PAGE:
TOWSON – As the U.S. Senate contemplates a bailout for the nation’s ailing auto manufacturers, Maryland’s senior senator is proposing a plan to assist car dealers and consumers.
Sen. Barbara Mikulski, D-Md., will introduce legislation during next week’s lame-duck session to allow sales tax and loan interest deductions on new vehicle purchases.
The deductions could save buyers thousands of dollars and potentially spike lagging sales, Mikulski said.
“As the American automobile industry goes, so goes so much of our economy,” she said. “The best way to help manufacturing is to stimulate demand.”
The proposal comes as the nation’s three biggest automakers — Chrysler LLC, Ford Motor Co. and General Motors Corp. — are asking for more than $50 billion in government assistance.
While the manufacturers are struggling to survive, auto dealerships are also in crisis. Dealership sales made up nearly 20 percent of Maryland’s total retail sales in 2007, compared to a national average of 18 percent.
As many as 700 of the nation’s 20,700 new-car dealerships will close in 2008, according to estimates by the National Automobile Dealers Association, eliminating an estimated 37,100 jobs. Data on Maryland-specific closures was not available.
“This is the slowest that I’ve seen the business going,” said Mel Bayo, director of sales training and 23-year employee for Mile One Automotive. “I’ve got a daughter in college and I’ve also got a mortgage to pay as well. We’re worried about the current situation.”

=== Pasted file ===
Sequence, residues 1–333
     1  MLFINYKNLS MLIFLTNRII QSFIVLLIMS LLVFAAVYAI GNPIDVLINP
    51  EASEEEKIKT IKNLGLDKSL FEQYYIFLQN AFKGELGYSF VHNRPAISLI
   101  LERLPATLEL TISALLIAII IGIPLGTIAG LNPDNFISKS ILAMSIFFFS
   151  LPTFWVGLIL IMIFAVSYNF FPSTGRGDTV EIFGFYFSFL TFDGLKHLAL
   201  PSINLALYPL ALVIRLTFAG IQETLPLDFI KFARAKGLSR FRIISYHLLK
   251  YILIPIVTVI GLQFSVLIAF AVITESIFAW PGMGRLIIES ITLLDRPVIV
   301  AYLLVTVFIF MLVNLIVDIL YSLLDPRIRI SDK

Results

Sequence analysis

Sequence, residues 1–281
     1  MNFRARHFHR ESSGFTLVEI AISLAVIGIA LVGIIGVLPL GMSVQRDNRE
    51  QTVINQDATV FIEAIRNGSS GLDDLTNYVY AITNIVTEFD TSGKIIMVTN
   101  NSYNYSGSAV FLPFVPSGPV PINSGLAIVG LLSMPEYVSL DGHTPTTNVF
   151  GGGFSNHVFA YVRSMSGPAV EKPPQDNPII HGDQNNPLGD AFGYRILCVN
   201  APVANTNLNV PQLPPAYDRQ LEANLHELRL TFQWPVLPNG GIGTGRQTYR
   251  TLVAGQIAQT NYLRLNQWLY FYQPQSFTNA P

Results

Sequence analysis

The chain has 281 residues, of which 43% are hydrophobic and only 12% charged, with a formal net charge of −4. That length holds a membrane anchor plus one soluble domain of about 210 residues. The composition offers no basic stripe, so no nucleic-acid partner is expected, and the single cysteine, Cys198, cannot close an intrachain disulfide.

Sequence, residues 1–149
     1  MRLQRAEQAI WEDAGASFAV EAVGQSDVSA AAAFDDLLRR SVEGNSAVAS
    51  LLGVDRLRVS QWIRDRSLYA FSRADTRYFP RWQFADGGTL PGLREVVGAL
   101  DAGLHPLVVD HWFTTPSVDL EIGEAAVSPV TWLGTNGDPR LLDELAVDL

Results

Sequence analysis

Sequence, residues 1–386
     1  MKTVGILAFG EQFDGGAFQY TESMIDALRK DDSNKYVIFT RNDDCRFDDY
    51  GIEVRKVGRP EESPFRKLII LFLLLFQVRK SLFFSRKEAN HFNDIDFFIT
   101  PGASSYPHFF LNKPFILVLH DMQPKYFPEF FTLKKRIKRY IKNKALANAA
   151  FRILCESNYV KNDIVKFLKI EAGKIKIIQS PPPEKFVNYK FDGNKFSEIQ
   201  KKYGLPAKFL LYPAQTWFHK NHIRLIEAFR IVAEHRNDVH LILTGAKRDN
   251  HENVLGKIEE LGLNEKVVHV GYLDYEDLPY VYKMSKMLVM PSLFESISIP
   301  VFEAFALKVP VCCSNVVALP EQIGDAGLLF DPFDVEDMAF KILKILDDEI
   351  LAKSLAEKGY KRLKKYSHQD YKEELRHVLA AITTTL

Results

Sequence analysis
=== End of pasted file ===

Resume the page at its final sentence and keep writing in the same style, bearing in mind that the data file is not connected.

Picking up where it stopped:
Mikulski’s plan would be part of a proposed bailout package that would use a portion of October’s $700 billion economic bailout to assist automakers.
If signed into law, her plan would allow families earning less than $250,000 a year and individuals earning less than $125,000 to deduct sales taxes and interest on new cars. The interest deduction would only be available on loans of less than $49,500.
The deductions would typically save about $1,553 on a $25,000 car and would be available on any purchase between Nov. 12, 2008, and Dec. 31, 2009, Mikulski said. The estimated cost of the program is about $1 billion to taxpayers.
“The cost of doing nothing is horrendous,” Mikulski said. “We cannot let our American automobile industry implode.”
The Senate is scheduled to begin its lame-duck session Monday. Lame-duck sessions take place between November elections and January inaugurations, allowing outgoing members — or lame ducks — to participate.
Mikulski expects support from Senate Democrats, including Sens. Carl Levin, D-Mich., Debbie Stabenow, D-Mich., and Majority Leader Harry Reid, D-Nev. She is also working to gain Republican support.
“Congress has a sense of urgency to do something to help the automobile industry,” Mikulski said. “I believe my plan will be received very well.”